3. Thank you for your great comments ladies! Doris, I think you must love cooking more than me! I never went without anything to get my cook books (I would get them from charity shops!) Your Heritage book sounds great, I wish I had one! I have a reproduction copy of Mrs Beeton's book, Maybe you have heard of her? I do have a big one called American Classics, but it's a very scientific tome,which talks about all the different ingredients they tried to come up with the best of whatever thing they are cooking (Key Lime pie, for instance, Yum!) My little chef and his friend were made by my 87 year old Mum, and are pure Mohair, all hand stitched. Gorgeous aren't they?

    Cheryl, Thank you. That gathering sounds fantastic, wish we had things like that here. I've always wanted to cook in a Dutch oven, very economical and they look good too, I do Iike cooking equipment that looks good. Oh, I forgot about the hardtack, thanks for that. And I never knew they carried tins of tomatoes, but was that only from a certain date? I don't know when tinned goods were first introduced?

    Great comments ladies. Thank you.

  4. Hi Jill, I haven't actually been riding across the country, but just arrived in Santa Monica afte a drive along Route 66 from Chicago, with detours to Monument Valley and the Grand Canyon. But I have become partial to jerky. I also liked biscuits and gravy at breakfast. These are nothing like our biscuits and gravy, of course. Biscuit is like a scone and gravy is ....well, maybe someone will supply the recipe? Cheryl told me her recipe in Oklahoma City, but it would be incorrect for me to give that without her permission!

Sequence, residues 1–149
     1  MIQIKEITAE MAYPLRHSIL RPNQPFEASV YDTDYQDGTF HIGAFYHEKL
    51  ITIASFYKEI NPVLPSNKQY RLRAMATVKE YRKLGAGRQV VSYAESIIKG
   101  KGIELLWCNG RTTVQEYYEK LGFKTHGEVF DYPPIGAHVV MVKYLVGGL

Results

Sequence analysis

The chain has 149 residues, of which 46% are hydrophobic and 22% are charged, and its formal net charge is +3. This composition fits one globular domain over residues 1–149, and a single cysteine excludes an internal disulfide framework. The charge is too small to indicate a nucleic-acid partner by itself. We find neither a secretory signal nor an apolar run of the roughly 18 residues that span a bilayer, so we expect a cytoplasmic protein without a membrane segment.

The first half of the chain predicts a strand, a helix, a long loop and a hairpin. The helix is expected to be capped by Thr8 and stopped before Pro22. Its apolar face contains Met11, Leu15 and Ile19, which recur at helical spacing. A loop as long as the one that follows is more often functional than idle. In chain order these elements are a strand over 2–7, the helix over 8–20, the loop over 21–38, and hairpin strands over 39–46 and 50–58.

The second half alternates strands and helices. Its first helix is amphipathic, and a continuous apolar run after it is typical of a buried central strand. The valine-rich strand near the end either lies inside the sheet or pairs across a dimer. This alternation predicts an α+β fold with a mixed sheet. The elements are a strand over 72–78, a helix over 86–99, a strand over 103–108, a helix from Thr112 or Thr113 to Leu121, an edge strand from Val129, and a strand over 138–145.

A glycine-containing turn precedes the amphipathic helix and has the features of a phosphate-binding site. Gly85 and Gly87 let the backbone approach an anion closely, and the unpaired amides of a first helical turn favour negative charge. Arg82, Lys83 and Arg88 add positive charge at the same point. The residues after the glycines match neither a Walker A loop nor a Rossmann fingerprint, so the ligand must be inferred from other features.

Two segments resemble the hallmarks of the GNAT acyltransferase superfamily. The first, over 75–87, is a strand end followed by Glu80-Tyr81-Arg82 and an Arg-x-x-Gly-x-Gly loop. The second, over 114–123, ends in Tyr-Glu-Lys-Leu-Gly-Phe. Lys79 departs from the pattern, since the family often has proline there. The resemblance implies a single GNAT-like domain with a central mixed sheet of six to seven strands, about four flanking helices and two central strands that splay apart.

I enjoyed your post.

    Keith aka Clay

    1. Keith, I never understood why people are secretive about their recipes--I want to share all of mine to anyone who wants them--the more enjoyment to spread around! I appreciate your honor, dear friend, but if I can ever be of help to anyone about any recipe, I'm always glad to help.

      Love to you! You're a seasoned Route 66 traveler now!

    2. Cheryl,

      My husband had an elderly aunt who coveted her "secret" recipe for a custard pie. Although she'd give the recipe out, she fudged on the ingredients and there were stories of some wild disasters when other people made the pie. lol

  5. Hi Mr spooky guy down a mine! Thank you for your comment. What's jerky like to actually eat? I have an idea what's in it but is it really tough? Biscuits I think I understand, but gravy, how can it be anything other than - well - gravy?
    Thanks for posting.

  6. It varies. Not too tough and is a bit like the pepperoni sticks you get in the UK, but beef or bacon etc. Biscuits and gravy is a popular dish especially in the south. Quite delicious in my opinion. Check the link

  7. Sorry, the link was truncated!

  8. Jill,
    It was the Better Homes and Garden Heritage Cookbook.
    Also canned for us is tinned for you and it started around 1812 here in the states. Doris

  9. Keith, thanks for that, I'll pop over and take a look in a while. Well those pepperoni stick are not bad, but I really wouldn't want to eat too many of them!
    Hope you are enjoying yourself over there and soaking up the atmosphere!

    Doris, Hello again! Thank you, I might just have to look out and see if I can get that book over here anywhere! (stop it! Walk away from the cook books woman!) Thanks for the info on cans too. And for taking the time to come and comment.

  10. Doris, Hi! I have managed to order a copy of that Heritage Cookbook, in my WIP the heroine has some 'cooking' scenes, it will be nice to be able to give a genuine idea of what she's cooking rather than just saying, 'a loaf' or 'a pie'. Thanks for that info.

    1. is chock full of fun recipes and fun facts. Doris